Henri Bal is the leader of one of the COMMIT/ projects, dealing with e-infrastructure virtualization. The project team is trying to make the e-infrastructures easier to use for scientists. Modern infrastructures typically consist of distributed computers and clustered computers with hundred of nodes in different locations and scientists want to use that whole infrastructure for some applications.
The clusters also become complicated: they are heterogeneous, they have accelerators including GPUs. The whole infrastructure is powerful but very difficult to use for typical scientists, so that is where the COMMIT/ project is trying to help.
A good example are the climate modellers. Henri Bal is working with Professor Henk Dijkstra from Utrecht. Henk Dijkstra is trying to model the climate: the land, the water, the atmosphere and so on. This is extremely computation-intensive. To perform accurate simulations that make sense in real life, Henk Dijkstra needs to combine many supercomputers all over the world, connected by fast networks. This is very complicated to program.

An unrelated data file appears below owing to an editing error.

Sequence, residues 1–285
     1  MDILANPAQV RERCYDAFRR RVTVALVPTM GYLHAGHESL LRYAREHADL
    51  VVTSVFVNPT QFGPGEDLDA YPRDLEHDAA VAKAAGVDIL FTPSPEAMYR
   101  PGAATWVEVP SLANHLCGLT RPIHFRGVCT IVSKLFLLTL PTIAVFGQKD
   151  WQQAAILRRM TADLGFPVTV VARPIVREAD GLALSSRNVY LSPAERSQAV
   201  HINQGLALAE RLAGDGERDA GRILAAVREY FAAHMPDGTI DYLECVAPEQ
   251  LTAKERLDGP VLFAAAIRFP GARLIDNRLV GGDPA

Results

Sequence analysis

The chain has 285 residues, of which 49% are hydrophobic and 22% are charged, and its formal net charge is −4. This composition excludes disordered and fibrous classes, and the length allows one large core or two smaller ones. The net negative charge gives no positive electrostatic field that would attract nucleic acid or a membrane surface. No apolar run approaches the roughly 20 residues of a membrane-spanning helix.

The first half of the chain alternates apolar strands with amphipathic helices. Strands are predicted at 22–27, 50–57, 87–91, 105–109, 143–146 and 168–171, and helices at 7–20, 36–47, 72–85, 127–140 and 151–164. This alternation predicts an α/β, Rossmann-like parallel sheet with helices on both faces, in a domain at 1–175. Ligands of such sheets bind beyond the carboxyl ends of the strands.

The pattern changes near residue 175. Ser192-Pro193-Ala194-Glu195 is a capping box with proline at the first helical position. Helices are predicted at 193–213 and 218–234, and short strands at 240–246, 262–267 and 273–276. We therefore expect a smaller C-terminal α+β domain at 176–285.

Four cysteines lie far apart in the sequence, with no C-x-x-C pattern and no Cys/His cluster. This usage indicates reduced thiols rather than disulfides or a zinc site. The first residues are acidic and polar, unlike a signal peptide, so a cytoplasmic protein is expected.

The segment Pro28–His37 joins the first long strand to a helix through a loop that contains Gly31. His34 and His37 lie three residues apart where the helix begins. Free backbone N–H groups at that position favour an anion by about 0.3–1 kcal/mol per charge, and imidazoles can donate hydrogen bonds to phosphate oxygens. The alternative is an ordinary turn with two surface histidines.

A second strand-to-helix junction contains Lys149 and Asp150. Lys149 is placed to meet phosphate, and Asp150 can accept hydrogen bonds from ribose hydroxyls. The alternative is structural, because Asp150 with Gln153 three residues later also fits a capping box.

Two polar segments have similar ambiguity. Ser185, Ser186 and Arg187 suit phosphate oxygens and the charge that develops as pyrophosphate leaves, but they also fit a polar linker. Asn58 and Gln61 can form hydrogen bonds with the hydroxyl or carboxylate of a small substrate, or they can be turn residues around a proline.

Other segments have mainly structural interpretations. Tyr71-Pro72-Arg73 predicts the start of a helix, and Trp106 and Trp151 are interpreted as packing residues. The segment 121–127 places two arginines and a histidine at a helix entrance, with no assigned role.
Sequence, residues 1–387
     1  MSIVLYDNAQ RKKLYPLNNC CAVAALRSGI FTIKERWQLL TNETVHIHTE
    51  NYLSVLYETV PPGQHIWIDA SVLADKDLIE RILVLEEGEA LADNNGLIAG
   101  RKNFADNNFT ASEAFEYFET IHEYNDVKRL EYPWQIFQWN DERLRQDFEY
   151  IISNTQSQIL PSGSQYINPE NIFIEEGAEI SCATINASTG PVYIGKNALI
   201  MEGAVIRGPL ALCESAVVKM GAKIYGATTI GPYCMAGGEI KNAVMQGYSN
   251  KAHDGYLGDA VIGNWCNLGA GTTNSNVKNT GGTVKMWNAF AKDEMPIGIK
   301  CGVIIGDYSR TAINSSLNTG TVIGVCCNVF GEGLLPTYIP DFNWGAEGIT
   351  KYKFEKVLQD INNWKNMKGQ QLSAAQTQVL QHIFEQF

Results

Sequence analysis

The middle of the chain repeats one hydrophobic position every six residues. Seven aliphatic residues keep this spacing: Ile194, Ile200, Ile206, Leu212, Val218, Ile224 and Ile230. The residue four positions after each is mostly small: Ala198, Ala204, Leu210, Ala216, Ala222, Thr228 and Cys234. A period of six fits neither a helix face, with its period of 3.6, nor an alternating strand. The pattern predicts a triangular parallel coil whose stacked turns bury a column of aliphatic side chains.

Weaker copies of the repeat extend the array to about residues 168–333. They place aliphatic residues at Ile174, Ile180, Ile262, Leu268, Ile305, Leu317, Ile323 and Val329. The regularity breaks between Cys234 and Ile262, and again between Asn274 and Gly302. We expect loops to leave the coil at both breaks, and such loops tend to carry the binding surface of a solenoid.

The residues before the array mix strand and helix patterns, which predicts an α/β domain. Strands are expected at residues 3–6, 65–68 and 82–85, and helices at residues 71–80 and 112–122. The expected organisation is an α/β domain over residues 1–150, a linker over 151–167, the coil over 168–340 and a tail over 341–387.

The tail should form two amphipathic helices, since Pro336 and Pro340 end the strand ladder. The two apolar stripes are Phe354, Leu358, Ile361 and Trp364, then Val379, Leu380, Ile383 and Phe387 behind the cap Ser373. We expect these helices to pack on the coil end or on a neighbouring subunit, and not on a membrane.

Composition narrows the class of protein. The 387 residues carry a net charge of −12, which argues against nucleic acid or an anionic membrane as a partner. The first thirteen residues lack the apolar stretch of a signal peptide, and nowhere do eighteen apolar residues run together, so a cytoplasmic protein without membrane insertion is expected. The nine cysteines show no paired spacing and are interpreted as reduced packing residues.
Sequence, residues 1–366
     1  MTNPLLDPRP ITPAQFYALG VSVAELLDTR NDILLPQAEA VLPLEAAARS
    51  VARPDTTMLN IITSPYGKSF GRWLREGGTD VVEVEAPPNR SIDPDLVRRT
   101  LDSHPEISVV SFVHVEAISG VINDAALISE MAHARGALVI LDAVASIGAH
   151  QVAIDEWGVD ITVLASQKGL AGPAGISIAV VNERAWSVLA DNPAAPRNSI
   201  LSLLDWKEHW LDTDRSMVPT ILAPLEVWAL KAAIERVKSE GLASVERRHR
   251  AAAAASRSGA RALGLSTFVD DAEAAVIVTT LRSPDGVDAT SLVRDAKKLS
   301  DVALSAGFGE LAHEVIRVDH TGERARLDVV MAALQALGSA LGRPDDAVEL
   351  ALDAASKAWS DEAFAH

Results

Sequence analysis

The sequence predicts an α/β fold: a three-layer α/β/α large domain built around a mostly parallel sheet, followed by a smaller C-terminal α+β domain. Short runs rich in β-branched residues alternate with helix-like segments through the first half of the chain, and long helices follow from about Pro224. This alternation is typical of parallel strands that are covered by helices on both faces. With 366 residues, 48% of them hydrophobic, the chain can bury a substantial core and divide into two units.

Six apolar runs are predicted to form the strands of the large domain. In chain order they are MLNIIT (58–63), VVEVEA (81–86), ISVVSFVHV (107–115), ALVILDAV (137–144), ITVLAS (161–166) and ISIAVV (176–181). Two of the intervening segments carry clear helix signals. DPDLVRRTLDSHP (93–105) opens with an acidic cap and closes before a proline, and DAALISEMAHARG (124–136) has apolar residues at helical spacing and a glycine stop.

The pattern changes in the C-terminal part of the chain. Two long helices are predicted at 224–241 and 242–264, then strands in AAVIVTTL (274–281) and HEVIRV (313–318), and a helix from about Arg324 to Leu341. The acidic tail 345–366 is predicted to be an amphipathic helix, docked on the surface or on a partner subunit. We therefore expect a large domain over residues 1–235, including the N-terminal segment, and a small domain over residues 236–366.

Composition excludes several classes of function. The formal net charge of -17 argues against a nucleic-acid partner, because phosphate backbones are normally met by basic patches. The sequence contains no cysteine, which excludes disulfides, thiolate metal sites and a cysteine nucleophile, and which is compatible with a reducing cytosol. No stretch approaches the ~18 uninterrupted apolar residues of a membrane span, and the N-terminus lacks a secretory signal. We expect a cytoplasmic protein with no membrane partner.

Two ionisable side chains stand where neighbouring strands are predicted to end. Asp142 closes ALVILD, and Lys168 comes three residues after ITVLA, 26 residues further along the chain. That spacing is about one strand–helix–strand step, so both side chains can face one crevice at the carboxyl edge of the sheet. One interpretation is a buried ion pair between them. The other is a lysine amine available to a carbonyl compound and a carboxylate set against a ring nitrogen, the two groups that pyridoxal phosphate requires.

Primeur Magazinewanted to know how long the COMMIT/ Programme will run.
Henri Bal explained that the whole COMMIT/ Programme runs for about six years. It started three years ago. It just ran through the mid-term review, so it has three more years to go.
Primeur Magazineasked whether the industry is also involved.
There are some sixty non-scientific partners and they are still increasing, Henri Bal toldPrimeur Magazine. There are many new partners like Infosys, KLM, and many others.
Primeur Magazineinformed about how COMMIT/ fits into the e-infrastructures landscape.
In COMMIT/, the partners do user-inspired research. Most COMMIT/ participants are PhD students in computer science but they are inspired by applications, for example by climate modelling simulation. In the eScience Center, the goal is to do scientific research and to use ICT as an enabling technology.